Digital Distribution CEO: Publishers Are Scared of DRM-less Games

September 22, 2008 -

Are video game publishers afraid to operate in a DRM-free environment?

They are, according to Michal Kicinski, CEO of digital distribution company CD Projekt and its GOG (Good Old Games) service. Kicinski told gamesindustry.biz:

We're trying to convince [game publishers] there is nothing to be afraid of. DRM-free, that is something they are really scared of, but on the other hand we can say 'all of those games are available pirated widely so it's better to sell them for small money than make the customer's life difficult and get some more revenues'.

 

...I think that if somebody is paying for the game then they deserve own it, not with a certain list of conditions and sometimes the list of conditions can be long... DRM makes customer's lives too complicated, and this is usually because of some corporate ideas, policies and trying to be smart, too smart, in how to get customers and how to keep them and no let them go somewhere else. We are believers in the free market and bringing freedom to customers.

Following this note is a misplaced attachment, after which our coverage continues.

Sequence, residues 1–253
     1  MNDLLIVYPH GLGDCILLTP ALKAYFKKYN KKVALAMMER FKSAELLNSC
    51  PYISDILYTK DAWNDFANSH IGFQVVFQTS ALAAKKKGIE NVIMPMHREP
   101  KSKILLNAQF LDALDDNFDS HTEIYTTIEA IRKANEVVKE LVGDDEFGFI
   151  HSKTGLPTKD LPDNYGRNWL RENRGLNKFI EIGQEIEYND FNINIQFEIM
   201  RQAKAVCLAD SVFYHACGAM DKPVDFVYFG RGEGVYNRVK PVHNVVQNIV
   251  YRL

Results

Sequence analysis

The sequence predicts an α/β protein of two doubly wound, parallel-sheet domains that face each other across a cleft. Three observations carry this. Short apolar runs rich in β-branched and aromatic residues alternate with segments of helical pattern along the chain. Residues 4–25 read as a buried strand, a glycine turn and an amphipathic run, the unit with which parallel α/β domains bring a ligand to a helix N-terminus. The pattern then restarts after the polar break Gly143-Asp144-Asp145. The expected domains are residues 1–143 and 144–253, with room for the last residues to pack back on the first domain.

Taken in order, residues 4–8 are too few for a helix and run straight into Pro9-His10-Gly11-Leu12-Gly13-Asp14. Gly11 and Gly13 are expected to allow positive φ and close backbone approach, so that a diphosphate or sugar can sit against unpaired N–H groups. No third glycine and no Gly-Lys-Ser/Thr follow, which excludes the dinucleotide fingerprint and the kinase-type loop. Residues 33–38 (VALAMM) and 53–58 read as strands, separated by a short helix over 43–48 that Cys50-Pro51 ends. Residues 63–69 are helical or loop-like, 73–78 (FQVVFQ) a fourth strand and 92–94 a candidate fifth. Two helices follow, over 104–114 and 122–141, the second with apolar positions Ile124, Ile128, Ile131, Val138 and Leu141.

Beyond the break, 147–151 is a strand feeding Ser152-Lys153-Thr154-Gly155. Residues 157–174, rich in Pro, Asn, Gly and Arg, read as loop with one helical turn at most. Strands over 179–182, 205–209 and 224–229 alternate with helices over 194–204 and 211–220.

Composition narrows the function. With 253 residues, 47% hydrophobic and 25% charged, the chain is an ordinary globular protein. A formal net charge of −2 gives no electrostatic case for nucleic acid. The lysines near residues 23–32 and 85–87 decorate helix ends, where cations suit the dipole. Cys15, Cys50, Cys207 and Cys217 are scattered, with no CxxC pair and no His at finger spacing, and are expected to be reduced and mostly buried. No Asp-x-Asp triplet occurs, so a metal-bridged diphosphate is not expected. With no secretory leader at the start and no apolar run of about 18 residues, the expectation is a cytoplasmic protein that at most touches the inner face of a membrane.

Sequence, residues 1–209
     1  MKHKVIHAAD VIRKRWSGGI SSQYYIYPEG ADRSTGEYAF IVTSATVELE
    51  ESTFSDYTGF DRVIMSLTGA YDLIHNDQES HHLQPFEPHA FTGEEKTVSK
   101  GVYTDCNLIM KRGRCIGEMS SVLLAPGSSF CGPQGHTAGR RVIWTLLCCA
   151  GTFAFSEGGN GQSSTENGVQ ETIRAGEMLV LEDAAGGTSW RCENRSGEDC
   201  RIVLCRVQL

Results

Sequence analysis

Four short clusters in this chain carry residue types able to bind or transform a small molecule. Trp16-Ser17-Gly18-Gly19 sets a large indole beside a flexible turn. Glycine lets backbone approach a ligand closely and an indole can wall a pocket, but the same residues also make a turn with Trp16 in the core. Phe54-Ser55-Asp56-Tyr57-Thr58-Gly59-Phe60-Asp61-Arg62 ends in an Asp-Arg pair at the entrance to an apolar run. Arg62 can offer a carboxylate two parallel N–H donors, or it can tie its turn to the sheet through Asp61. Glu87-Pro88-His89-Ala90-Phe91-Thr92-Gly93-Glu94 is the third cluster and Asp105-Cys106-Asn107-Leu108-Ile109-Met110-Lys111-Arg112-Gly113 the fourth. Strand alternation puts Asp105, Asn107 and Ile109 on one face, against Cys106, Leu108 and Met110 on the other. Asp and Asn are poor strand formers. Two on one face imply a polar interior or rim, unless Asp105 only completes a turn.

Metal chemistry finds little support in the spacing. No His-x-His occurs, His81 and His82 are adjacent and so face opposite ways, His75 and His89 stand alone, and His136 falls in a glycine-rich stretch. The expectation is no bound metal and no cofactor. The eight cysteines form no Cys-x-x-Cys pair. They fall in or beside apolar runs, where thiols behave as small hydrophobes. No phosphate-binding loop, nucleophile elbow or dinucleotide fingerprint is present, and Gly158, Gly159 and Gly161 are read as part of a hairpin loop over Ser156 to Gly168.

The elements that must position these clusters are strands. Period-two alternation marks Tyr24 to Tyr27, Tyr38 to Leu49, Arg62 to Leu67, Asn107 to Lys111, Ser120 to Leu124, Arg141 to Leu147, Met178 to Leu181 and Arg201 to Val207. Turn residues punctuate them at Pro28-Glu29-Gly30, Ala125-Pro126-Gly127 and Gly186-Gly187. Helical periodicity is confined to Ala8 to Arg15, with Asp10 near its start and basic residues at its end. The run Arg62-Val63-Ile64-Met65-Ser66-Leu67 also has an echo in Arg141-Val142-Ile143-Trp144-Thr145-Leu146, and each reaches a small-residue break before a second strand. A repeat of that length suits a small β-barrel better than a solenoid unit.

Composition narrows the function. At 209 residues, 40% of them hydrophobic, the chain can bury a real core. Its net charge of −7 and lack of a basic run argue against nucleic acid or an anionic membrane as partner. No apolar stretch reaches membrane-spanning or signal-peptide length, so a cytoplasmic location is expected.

Piracy in Poland is always much, much bigger here than in Western countries so we got used to living with piracy and we grew up in a surrounding where there was no help from governments to actually fight piracy. So we had to learn to compete with pirates...

GP: To be candid, I was not aware of GoG until I checked it out for this post. It's apparently not live yet, but is supposed to start up this month. And they've got Fallout and Fallout 2 displayed. I've been wanting to replay those with the new Fallout 3 coming out soon...


Comments

Re: Digital Distribution CEO: Publishers Are Scared of DRM-less

Sadly Crysis Warhead also contains the DRM and limited installs, which is a shame and also extremely bizarre, because unlike Spore, Warhead's target is the very hardcore PC gamers, whom regularly swap machines, hard-drives and upgrade, each of which requires a new installation (upgrade only for the motherboard though).

Re: Digital Distribution CEO: Publishers Are Scared of DRM-less

Oh yes, they've proved amply that it's all about what the users need. Didn't you know that only 1% of gamers need more than three installs?